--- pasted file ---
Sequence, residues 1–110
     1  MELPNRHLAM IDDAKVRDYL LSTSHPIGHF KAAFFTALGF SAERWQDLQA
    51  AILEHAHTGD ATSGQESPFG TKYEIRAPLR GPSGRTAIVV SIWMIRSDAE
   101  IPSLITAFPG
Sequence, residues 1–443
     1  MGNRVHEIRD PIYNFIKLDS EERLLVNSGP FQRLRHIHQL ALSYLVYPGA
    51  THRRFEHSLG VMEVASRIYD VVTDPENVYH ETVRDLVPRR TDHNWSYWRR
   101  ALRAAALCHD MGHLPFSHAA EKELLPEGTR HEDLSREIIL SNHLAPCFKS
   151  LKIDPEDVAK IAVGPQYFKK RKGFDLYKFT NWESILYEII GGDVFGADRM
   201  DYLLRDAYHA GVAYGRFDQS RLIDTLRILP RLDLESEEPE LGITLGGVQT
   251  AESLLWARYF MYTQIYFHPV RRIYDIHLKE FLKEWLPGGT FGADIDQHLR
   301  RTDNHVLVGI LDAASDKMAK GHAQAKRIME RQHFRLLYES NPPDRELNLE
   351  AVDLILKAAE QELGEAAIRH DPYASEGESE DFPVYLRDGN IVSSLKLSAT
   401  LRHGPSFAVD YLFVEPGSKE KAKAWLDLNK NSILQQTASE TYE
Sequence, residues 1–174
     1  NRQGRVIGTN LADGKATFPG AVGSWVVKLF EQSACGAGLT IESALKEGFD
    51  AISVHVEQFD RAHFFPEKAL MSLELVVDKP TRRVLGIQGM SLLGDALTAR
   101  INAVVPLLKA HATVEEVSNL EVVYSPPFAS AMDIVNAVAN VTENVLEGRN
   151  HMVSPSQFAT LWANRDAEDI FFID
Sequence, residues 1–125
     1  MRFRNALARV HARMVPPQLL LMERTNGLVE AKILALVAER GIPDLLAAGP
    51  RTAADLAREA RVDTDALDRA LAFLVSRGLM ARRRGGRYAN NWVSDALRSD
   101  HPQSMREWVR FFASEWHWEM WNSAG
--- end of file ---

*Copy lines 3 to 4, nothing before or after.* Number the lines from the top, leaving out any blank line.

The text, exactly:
    51  AILEHAHTGD ATSGQESPFG TKYEIRAPLR GPSGRTAIVV SIWMIRSDAE
   101  IPSLITAFPG